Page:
By Zoltan Massay-Kosubek, Policy Co-ordinator for Healthy Trade and Trade Equity
Wallonia, the small, French-speaking region of Belgium with its own parliament was the focus for EU trade officials, national governments and the world’s media last month when it pressed pause on CETA, forcing the postponement of the EU-Canada summit and placing the agreement itself in doubt.
Although one of the reasons for dismissing Wallonia’s actions was its size, with 3.5 million inhabitants it is actually more populated than Malta, Luxembourg, Cyprus, Estonia, Latvia, Slovenia and Lithuania – each of whom also had the sovereign right to refuse CETA.
Now the agreement has been signed, but as CETA is a ‘mixed-agreement’, its full entry into force will be subject to the consent of the European Parliament, of all Member States through the relevant national ratification procedures. But what are the important lessons we can learn from the Wallonian process and how relevant are they for the upcoming ratification process of CETA?
The main lesson for the EU is that the dark age of secret negotiations of trade and investment agreements is over and transparency and democratic principles should be respected throughout the whole ratification process.
The Wallonian concerns are not new. Issues linked to CETA were already raised in the Wallonian Parliament 2 years ago which were confirmed in its 14th October Resolution. The trade negotiators did not react. However, the processes for Belgian assent to the agreement made sure that Wallonia could not no longer be ignored.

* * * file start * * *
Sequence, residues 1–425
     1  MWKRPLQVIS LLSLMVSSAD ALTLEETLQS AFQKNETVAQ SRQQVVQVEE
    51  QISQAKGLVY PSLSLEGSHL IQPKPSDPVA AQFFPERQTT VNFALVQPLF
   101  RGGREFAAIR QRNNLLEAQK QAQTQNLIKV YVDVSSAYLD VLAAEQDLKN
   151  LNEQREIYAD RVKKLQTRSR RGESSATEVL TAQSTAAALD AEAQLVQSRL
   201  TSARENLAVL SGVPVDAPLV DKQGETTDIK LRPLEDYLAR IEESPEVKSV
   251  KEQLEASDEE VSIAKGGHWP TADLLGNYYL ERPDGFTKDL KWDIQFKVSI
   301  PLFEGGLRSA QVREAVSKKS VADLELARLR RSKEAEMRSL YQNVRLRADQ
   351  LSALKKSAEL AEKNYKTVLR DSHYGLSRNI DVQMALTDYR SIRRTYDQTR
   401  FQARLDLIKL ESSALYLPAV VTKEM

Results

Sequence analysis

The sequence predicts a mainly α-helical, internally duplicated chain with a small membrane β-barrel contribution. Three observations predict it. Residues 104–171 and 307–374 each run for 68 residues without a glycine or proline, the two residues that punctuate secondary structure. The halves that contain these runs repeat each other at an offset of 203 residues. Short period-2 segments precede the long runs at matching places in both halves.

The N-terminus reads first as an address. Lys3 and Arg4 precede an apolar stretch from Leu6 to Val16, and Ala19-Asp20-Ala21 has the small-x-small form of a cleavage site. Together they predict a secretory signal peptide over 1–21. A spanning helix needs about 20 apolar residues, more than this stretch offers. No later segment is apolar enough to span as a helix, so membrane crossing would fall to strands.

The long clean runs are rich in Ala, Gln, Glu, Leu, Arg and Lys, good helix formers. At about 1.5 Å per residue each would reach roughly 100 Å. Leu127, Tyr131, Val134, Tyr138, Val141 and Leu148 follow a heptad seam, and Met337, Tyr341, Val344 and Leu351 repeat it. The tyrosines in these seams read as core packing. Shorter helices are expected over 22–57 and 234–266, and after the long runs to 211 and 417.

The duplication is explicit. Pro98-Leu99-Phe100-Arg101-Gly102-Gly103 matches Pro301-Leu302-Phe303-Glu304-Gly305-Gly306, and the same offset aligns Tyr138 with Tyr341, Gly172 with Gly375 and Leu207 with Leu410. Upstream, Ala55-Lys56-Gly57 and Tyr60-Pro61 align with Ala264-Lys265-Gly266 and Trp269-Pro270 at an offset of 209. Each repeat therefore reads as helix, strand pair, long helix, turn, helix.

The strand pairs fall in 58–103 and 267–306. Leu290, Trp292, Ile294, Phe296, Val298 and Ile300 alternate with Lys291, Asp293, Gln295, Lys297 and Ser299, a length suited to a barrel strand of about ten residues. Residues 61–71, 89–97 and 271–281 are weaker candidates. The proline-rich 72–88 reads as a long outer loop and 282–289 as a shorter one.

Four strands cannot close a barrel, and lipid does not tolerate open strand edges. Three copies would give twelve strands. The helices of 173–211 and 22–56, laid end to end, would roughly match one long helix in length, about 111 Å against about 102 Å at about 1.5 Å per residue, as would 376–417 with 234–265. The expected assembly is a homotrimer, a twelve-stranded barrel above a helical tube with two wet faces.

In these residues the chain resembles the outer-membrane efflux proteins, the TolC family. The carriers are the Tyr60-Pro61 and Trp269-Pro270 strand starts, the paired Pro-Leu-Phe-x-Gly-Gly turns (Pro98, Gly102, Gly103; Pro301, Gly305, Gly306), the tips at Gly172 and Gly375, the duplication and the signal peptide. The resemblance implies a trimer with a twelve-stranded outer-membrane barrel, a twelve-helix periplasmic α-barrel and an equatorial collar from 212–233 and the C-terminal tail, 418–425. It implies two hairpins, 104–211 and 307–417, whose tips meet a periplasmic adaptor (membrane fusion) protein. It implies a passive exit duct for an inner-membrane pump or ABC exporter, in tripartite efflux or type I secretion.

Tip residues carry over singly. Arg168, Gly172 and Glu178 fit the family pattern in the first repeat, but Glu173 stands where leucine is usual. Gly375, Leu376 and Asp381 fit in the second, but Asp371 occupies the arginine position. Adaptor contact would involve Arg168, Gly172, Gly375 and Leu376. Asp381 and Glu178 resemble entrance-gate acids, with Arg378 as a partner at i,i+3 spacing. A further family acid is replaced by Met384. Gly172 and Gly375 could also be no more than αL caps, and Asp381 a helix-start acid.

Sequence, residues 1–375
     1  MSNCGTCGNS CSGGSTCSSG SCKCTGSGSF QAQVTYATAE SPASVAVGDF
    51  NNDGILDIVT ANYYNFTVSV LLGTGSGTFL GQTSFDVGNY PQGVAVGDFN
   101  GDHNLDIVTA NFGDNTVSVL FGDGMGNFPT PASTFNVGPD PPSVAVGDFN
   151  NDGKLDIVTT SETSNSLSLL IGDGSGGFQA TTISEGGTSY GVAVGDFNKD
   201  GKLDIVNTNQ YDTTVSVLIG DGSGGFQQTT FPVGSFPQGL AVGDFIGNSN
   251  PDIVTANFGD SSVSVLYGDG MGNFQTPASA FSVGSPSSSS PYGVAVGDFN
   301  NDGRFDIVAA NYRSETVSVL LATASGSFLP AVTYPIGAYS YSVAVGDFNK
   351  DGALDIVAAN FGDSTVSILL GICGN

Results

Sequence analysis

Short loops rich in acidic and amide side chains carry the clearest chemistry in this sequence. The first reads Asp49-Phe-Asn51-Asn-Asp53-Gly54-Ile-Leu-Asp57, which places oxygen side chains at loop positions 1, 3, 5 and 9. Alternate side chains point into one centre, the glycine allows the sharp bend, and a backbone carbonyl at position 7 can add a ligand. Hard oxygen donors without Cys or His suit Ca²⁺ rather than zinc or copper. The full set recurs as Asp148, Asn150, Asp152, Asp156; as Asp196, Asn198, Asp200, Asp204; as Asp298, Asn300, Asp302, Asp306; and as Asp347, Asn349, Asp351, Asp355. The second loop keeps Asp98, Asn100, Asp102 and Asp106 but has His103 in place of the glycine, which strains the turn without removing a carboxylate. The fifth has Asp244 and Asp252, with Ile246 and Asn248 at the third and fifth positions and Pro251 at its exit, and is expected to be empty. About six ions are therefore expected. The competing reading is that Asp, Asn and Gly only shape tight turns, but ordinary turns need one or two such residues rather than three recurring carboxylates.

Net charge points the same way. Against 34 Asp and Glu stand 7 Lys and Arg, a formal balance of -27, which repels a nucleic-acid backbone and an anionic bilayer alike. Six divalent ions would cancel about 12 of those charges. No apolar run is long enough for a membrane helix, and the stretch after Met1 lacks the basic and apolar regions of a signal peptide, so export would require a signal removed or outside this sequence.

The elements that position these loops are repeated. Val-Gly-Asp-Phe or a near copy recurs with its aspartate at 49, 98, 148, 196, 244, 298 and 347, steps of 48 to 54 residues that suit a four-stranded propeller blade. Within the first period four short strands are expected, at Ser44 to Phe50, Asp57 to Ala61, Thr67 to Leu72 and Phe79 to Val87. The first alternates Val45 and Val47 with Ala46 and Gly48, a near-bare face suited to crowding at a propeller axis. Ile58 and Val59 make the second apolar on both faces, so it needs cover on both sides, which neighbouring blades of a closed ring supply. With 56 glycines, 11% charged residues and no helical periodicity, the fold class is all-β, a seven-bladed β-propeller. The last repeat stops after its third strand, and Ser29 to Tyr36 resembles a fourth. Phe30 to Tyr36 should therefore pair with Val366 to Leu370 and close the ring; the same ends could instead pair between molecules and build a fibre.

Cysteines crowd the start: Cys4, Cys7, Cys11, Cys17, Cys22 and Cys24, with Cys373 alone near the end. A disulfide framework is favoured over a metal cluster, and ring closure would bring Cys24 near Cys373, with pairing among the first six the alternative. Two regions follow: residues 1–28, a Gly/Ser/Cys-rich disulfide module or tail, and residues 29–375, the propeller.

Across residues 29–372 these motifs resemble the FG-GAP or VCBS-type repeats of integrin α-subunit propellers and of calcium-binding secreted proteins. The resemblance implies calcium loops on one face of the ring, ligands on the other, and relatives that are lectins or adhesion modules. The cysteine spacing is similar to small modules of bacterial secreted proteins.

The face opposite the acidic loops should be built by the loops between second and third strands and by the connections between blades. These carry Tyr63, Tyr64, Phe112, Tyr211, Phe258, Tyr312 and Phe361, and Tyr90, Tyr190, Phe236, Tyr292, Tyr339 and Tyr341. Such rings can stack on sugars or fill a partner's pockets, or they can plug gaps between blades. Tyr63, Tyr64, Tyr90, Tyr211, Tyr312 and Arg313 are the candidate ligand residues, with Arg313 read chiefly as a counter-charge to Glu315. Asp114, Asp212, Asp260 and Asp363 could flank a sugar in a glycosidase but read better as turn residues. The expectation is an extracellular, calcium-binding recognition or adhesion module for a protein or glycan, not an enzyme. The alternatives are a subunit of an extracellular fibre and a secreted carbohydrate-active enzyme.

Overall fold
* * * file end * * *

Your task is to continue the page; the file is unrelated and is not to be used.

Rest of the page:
Citizens’ concerns and civil society mobilisation made it possible for Wallonian Prime Minister Paul Magnette to withstand the pressure and ultimatums and created policy space for progress.
Wallonia has obtained the maximum concession which could have been achieved at this stage, given that Parliaments were presented with a ‘take it or leave it’ package deal. But it does not mean that the battle over CETA has been won by either side. The final Belgian compromise agreement foresees that Belgium will ask the opinion of the Court of Justice of the European Union about the compatibility of the Investment Court System (ICS) in CETA with EU law. The French and German speaking communities and the Brussels region have made it clear that they do not intend to ratify ICS in its current form.
The controversial ICS system might yet be CETA’s Achilles heel. EPHA’s position on ‘how CETA could undermine public health’ explains that revised investment protection measures will not stop tobacco, alcohol, unhealthy food companies and private investors in public services from trying to block public health laws. So the legal battle over CETA is far from over – on the contrary, it is just about to begin.